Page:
“We have met the enemy and he is us.”
Walt Kelley’s revision of an 1813 quote from Commodore Perry (“We have met the enemy, and they are ours”), and his famous reworking of a classic Christmas song as “Deck the Halls with Boston Charlie”, may actually be familiar to a larger number of people than Kelly’s masterwork of the comics art form, Pogo, which is downright unfortunate.
Walt Kelly was one of the all time great cartoonists. Pogo, his beautifully drawn, keenly intelligent, highly witty and politically daring syndicated comic strip ran for a quarter of a century. Amid hilarious funny animal hijinks, wonderfully loopy wordplay, and multi-leveled stories set in the Okefenokee Swamp (Georgia side), Kelly’s characters mouthed some biting social and political commentary, even to the point of taking shots at “Communist under every bed” witch-hunter Senator Joseph McCarthy, who he portrayed as a gun-toting wildcat named “Simple J. Malarkey”. McCarthy’s “if you aren’t with us, you’re a Communist” tactics had given him considerable power, enough to ruin numerous careers in Hollywood and elsewhere, and taking him on took some nerve.
Kelly also took on the far right-wing John Birch Society, J. Edgar Hoover, John Mitchell and Spiro Agnew and, during the 1968 presidential campaign, he ridiculed the group of hopeful presidential nominees he called the “wind-up candidates”, including Eugene McCarthy, Richard Nixon, Hubert Humphrey, George wallace and Robert F. Kennedy. In 1952, Pogo himself became the possum of choice with a gag candidacy based around “I Go Pogo” buttons (lampooning Eisenhower’s “I Like Ike” campaign slogan).
Pogo can be read as a simple, and simply delightful, “funny animal” strip if you prefer, and kids love it as much as adults. It is one of the best drawn newspaper comics ever, owing a good bit to Kelly’s six-year stint working for Walt Disney Productions, during which he worked on such classic animated features as Snow White and the Seven Dwarfs, Fantasia and Dumbo as well as a number of Donald Duck shorts. He also did comic book work for Dell Comics, during which he created the character that would become his life’s work.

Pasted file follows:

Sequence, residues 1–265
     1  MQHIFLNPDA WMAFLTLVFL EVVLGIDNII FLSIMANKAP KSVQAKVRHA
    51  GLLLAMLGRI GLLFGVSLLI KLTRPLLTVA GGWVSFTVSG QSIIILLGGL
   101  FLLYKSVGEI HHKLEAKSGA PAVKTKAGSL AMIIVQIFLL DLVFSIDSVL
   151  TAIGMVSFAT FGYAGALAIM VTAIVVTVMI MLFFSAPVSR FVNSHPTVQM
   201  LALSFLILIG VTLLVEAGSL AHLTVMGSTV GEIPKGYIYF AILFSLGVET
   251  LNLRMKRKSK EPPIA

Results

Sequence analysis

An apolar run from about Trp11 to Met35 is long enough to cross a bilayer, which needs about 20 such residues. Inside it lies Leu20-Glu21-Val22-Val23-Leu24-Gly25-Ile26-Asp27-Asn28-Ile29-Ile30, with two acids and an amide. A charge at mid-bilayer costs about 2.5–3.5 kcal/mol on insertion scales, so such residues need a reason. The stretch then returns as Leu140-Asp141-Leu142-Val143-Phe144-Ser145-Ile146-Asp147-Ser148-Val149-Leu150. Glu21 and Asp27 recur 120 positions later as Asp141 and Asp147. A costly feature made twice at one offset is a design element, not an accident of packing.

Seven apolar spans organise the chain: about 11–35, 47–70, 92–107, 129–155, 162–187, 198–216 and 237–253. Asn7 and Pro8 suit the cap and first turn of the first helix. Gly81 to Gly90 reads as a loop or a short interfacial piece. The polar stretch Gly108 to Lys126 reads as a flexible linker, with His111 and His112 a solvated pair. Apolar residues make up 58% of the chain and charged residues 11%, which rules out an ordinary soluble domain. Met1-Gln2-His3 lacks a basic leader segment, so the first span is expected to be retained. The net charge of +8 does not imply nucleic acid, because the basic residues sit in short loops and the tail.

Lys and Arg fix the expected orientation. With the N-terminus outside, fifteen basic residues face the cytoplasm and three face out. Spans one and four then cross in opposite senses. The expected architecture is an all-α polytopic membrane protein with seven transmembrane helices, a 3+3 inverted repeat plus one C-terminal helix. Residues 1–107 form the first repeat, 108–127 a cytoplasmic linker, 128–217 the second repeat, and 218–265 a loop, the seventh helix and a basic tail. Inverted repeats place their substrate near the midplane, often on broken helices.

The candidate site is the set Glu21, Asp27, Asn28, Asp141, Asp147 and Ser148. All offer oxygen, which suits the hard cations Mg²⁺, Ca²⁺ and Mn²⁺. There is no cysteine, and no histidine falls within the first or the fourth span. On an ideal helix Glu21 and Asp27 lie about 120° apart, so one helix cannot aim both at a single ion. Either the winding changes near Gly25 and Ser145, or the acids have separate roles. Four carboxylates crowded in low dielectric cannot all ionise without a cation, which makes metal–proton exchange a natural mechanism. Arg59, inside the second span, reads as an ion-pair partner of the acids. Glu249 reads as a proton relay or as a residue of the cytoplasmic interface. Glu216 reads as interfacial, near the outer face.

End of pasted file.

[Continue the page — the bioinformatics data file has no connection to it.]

Kelly’s Pogo strips are masterpieces of fluid, expressive brush and ink drawing and superb graphic storytelling. His elegant calligraphic brush lines are complimented by the judicious application of hatching and expertly balanced spotting of blacks. Kelly has been tremendously influential on subsequent generations of cartoonists. You can see direct inspiration in Jeff Smith’s beautiful work on Bone in particular.
There are a number of books that have been published over the years and are in various states of availability, including the famously titled We Have Met the Enemy and He is Us. Also out of print but available used is Ten Ever-Lovin Blue Eyed Years with Pogo, which is a good introduction and overview, and reprints some great strips.
Of particular interest, though, is the new series of complete Pogo strips from Fantagraphics, starting with Pogo: The Complete Daily & Sunday Comic Strips Vol. 1: “Into the Wild Blue Wonder”, and continuing with Pogo, Vol 2.
The amazing ASIFA-Hollywood Animation Archive comes through again, however, with an article on Walt Kelly’s Pogo that features some absolutely great scans of Walt Kelly original Pogo art courtesy of Mike Fontanelli. There are three high-resolution Pogo Sunday pages, in which you can not only see Kelly’s beautiful brush and ink finishes, but his underlying blue-line pencils as well (click on the images for the larger versions). I’ve had the pleasure of seeing some of Kelly’s originals in person and these scans do a great job of showing the work of this master cartoonist as it actually looks.
In the meanwhile, if someone asks me who I’m supporting in the U.S. presidential primaries, I Go Pogo!.